I've been following this case with my wife and this settlement is not going to play well. She works with and has worked with lawyers for a very long time. She has seen her fair share of very large cases that in the eyes of common sense were lost before the start, yet the lawyers manage to make the criminal walk away free.

    I should have kept that in mind. Lesson learned.

  • Giordano

    Considering what those Elders put her through and the mental issues she's had I think a settlement was in her best interest.

    It has been 13 years since congregation elders in Spring Grove Pennsylvania first learned of the inappropriate relationship and abuse perpetrated by Terry Monheim, aged 49, and her victim, Stephanie Fessler, who was just 14 years of age when the abuse began. Stephanie was dragged before elders in 2004 and 2005 to answer for her relationship with her abuser, but with grotesque disregard for the law, elders knowingly failed to report the suspected abuse to the police, to Pennsylvania’s Childline, or to any other authority. Instead, they forwarded what they knew to Watchtower’s Legal Department, who wantonly disregarded Pennsylvania State law, and also failed to report.
    Instead of protecting the victim from further harm, local elders in Pennsylvania issued a private reproof in 2004, then another public reproof in 2005. The victim, Stephanie was crucified and devastated, having been denied protection from the authorities who are trained to protect minors, and prevent further injury and mental distress. The local elders and the Watchtower organization victimized Stephanie, and more than once. Her participation in the abuse was viewed as a sin, and not a crime. Stephanie was a sinner, they said.

    written by John Redwood and can be found at

    Her attorneys were well prepared...... the Judge shut down the WT Attorney's bull shit pretty quickly.

    There was also JW representative from the legal department observing the first day of the trial who probably called his superiors and told them they needed to settle.

    Attorney for CCJW (Christian Congregation of Jehovah’s Witnesses), Louis Lombardi, made no opening statements to the jury. He sat silently between (Attorney) Aaron and Miller at the defense counsel table, leaving one to wonder if he will ever make an appearance in the defense of the Jehovah’s Witness organization.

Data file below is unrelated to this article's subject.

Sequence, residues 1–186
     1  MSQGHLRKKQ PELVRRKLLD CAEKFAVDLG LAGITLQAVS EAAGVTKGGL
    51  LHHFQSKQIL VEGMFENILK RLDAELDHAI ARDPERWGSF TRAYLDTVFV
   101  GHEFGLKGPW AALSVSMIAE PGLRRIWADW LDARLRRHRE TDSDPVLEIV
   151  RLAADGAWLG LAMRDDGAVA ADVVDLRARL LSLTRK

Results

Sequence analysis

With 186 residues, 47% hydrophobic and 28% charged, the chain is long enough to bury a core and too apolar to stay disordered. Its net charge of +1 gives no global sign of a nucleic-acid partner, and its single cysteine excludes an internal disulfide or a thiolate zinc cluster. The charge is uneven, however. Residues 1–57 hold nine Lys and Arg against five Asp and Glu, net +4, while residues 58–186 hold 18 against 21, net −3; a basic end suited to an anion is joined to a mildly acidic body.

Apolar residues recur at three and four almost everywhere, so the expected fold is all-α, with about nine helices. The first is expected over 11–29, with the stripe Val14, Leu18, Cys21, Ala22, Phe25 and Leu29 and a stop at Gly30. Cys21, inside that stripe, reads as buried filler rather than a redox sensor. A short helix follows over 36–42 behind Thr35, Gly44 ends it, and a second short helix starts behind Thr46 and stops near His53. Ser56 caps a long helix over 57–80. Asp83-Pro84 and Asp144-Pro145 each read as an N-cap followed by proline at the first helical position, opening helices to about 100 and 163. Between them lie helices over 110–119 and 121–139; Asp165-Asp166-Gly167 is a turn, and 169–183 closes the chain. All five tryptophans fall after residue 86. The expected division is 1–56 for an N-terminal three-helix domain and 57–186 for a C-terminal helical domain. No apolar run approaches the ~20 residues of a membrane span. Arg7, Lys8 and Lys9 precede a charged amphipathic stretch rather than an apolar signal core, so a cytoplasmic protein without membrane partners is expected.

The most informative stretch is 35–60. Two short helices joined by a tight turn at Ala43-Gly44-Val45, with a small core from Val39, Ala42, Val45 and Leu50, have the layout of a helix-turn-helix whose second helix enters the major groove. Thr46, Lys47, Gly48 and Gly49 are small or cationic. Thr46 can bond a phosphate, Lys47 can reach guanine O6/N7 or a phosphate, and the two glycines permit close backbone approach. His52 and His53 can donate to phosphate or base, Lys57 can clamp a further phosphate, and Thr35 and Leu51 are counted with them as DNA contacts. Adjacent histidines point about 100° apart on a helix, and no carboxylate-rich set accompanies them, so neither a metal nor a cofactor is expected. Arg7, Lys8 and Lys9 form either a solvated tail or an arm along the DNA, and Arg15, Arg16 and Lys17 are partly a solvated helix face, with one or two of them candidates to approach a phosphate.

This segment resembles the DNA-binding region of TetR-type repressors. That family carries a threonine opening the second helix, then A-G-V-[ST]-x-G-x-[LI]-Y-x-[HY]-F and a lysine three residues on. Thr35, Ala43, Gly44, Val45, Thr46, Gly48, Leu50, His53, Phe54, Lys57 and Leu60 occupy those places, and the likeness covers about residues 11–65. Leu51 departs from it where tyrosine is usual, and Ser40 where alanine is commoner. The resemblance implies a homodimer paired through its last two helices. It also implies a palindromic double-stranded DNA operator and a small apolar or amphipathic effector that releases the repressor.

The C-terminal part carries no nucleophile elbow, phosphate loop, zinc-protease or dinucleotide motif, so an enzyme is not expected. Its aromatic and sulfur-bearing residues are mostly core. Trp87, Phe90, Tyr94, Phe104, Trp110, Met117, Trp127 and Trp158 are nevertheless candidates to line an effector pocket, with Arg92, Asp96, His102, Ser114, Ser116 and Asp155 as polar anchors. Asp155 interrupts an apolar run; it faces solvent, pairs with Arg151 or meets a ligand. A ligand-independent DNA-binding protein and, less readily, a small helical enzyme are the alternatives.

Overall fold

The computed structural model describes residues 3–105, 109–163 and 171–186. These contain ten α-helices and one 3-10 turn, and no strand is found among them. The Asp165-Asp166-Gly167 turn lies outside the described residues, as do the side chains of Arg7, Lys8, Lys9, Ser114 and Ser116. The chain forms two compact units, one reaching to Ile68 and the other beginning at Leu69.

One of their biggest problems is that they the WT and Elders are losing the protection of the 'confessional privilege.' That exemption that some states still have. The standard attack against this defense is that no expectation of privacy can be assumed by the abused or the offender.

  • Richard Oliver
    Richard Oliver

    Even in the article that Redwood wrote there is no indication that the Judge shut down Watchtower at all. His article speaks of 3 motions two was denied against Watchtower and one was accepted in Watchtower favor. The rejection was not that Watchtower cannot claim Priest-Penitent Privilege because they don't qualify for it, but instead because the elder did not object to that line of questioning during the deposition. If he did object to it or the attorneys objected to it, the elder would still have had to answer the question during the deposition but it would have preserved the objection for pretial motions. The precluding of the police officer was a bit far fetched. The Judge also agreed that a witness that the plaintiff wanted to question during the trial would not have been allowed to give testimony during the trial portion. But that is what lawyers do, they file motions to exclude as much as they can. And just because the judge says that a witness can testify in the punitive stage of a trial doesn't mean that it is a sign that one side is going to lose, the Judge probably just did it for efficiency sake, she made her ruling now so that it won't come back up later if there is a need for it.

Share this